TOKYO, Japan (AFP) — Tokyo stocks were flat Thursday morning after a sell-off the previous day sparked by fears over United States-North Korea tensions, while Japanese cosmetic giant Shiseido surged on upbeat earnings.
Global markets tumbled Wednesday as US President Donald Trump and North Korean leader Kim Jong-Un ratcheted up their confrontational rhetoric, with the nuclear-armed North rolling out a plan to launch missiles towards the US Pacific territory of Guam.
Trump had stunned the world by saying the North faced “fire and fury like the world has never seen” over its nuclear and missile programmes.
However, US Secretary of State Rex Tillerson sought to play down tensions, saying: “I think Americans should sleep well at night, have no concerns about this particular rhetoric of the last few days.”
“The comments by the Secretary of State is a message that nothing important has been decided on North Korea,” Haruki Kawaguchi, a manager in the stock trading department at Marusan Securities, told Bloomberg News.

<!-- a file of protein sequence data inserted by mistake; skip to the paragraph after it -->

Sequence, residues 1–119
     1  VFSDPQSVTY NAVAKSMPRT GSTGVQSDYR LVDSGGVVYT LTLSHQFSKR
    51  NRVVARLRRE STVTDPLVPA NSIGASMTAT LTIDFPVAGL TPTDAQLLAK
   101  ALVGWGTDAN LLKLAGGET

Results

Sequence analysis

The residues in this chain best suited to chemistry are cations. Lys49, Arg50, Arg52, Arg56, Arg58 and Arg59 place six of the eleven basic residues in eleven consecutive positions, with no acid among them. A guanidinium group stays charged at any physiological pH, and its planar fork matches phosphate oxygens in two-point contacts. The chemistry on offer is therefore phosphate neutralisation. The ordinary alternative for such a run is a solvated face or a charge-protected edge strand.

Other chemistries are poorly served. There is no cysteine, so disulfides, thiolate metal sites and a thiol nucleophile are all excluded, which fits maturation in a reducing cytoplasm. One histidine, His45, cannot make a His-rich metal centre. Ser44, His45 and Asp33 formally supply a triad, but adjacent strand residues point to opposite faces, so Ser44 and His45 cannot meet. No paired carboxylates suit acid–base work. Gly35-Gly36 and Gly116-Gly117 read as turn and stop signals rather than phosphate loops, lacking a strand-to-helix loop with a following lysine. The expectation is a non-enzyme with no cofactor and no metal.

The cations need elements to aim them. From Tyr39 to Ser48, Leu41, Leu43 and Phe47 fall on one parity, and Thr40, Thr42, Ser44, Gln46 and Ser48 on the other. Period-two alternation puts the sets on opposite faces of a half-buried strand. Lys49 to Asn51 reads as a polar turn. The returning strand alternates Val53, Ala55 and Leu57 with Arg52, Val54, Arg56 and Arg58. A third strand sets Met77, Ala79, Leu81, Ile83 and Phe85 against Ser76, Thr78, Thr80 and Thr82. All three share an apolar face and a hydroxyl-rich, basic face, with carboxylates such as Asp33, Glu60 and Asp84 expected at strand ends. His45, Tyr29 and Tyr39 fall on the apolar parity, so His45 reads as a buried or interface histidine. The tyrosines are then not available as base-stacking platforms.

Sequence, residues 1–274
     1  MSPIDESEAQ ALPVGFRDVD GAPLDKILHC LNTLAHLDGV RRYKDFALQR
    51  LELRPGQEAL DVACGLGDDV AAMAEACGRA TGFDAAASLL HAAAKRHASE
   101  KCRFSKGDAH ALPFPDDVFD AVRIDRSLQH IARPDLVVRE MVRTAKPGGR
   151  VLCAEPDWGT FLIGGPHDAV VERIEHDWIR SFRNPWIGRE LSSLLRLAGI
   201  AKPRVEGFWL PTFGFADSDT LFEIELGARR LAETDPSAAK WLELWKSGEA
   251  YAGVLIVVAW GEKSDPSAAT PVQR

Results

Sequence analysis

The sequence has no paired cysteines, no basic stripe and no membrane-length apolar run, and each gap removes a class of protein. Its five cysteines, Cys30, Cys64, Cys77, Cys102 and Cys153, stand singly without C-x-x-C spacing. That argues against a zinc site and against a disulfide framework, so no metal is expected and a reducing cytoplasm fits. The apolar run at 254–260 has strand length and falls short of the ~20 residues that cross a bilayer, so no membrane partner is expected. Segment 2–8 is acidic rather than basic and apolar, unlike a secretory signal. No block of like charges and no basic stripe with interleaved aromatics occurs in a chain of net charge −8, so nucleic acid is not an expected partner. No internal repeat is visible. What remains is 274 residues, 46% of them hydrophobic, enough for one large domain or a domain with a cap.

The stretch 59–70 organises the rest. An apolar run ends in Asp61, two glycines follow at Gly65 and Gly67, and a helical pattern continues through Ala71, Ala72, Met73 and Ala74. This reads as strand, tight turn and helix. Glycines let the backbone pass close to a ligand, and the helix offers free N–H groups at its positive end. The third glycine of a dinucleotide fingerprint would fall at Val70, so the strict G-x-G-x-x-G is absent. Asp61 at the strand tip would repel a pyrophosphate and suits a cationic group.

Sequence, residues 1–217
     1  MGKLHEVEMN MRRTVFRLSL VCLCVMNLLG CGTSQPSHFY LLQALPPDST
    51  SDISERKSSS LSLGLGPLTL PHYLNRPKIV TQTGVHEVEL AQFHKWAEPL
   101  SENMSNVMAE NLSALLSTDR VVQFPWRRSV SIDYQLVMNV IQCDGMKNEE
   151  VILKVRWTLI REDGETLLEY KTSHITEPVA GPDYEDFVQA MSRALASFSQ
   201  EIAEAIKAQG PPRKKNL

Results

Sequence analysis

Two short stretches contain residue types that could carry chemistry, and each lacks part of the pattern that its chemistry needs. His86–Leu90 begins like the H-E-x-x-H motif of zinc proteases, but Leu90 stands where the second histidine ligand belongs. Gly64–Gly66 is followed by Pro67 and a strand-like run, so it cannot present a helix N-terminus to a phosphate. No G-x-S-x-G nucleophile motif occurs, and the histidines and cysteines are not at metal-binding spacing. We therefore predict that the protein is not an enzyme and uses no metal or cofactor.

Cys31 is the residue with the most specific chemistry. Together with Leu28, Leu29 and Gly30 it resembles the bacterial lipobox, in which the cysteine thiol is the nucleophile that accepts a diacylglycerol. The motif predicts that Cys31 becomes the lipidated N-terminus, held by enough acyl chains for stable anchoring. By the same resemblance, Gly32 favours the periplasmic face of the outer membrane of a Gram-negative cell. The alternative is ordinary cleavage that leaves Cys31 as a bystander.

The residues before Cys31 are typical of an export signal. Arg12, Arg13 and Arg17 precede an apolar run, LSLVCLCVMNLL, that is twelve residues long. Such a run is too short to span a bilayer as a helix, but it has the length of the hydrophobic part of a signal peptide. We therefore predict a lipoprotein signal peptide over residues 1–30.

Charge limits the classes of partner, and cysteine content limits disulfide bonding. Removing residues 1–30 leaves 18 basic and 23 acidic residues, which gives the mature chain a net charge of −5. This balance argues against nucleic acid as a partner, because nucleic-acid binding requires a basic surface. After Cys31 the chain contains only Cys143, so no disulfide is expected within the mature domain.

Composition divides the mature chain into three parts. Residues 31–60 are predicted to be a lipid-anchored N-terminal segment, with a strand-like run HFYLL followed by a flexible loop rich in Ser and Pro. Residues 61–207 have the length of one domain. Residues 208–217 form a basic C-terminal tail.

Tokyo’s benchmark Nikkei 225 index was flat, slipping 0.01 percent, or 1.99 points, to sit at 19,736.72 by the break while the Topix index of all first-section issues fell 0.13 percent, or 2.04 points, to 1,615.86.
Japanese financial markets will be closed Friday for a national holiday.
“Amid tensions in the international arena, it’s difficult to seek higher prices ahead of three days of holidays,” Kawaguchi said.
Shiseido shares soared 14.54 percent to 4,450 yen after the makeup company upgraded its annual sales and profit forecasts, and announced robust earnings for the January-June period.
Shiseido said its six-month operating profit jumped 73.9 percent to 34.7 billion yen, thanks to strong sales of high-end products and healthy demand from Chinese customers.
Toyota rose 0.69 percent to 6,279 yen while Sony fell 1.25 percent to 4,347 yen and Panasonic was off 0.87 percent to sit at 1,473.5 yen.
In forex trading, the dollar fetched 110.06 yen, slightly up from 110.02 yen in New York and 109.74 yen in Tokyo Wednesday.
© Agence France-Presse